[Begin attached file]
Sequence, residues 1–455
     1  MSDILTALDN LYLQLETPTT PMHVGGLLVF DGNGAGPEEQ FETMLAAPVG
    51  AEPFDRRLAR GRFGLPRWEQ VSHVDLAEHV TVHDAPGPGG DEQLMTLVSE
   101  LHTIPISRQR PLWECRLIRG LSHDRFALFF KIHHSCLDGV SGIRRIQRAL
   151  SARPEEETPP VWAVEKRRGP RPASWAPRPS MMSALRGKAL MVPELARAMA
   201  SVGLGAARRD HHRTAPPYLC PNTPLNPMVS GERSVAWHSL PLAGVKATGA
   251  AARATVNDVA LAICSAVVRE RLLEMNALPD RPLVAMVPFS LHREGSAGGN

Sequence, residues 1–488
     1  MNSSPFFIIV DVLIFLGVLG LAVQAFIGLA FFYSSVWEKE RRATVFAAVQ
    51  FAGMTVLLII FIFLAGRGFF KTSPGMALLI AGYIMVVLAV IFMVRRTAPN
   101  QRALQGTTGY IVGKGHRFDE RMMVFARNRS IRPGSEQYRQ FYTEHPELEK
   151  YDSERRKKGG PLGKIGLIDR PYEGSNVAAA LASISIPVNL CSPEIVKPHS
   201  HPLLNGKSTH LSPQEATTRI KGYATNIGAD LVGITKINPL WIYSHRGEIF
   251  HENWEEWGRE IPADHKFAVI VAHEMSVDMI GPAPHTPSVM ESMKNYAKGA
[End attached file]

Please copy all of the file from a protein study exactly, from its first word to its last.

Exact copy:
Sequence, residues 1–455
     1  MSDILTALDN LYLQLETPTT PMHVGGLLVF DGNGAGPEEQ FETMLAAPVG
    51  AEPFDRRLAR GRFGLPRWEQ VSHVDLAEHV TVHDAPGPGG DEQLMTLVSE
   101  LHTIPISRQR PLWECRLIRG LSHDRFALFF KIHHSCLDGV SGIRRIQRAL
   151  SARPEEETPP VWAVEKRRGP RPASWAPRPS MMSALRGKAL MVPELARAMA
   201  SVGLGAARRD HHRTAPPYLC PNTPLNPMVS GERSVAWHSL PLAGVKATGA
   251  AARATVNDVA LAICSAVVRE RLLEMNALPD RPLVAMVPFS LHREGSAGGN

Sequence, residues 1–488
     1  MNSSPFFIIV DVLIFLGVLG LAVQAFIGLA FFYSSVWEKE RRATVFAAVQ
    51  FAGMTVLLII FIFLAGRGFF KTSPGMALLI AGYIMVVLAV IFMVRRTAPN
   101  QRALQGTTGY IVGKGHRFDE RMMVFARNRS IRPGSEQYRQ FYTEHPELEK
   151  YDSERRKKGG PLGKIGLIDR PYEGSNVAAA LASISIPVNL CSPEIVKPHS
   201  HPLLNGKSTH LSPQEATTRI KGYATNIGAD LVGITKINPL WIYSHRGEIF
   251  HENWEEWGRE IPADHKFAVI VAHEMSVDMI GPAPHTPSVM ESMKNYAKGA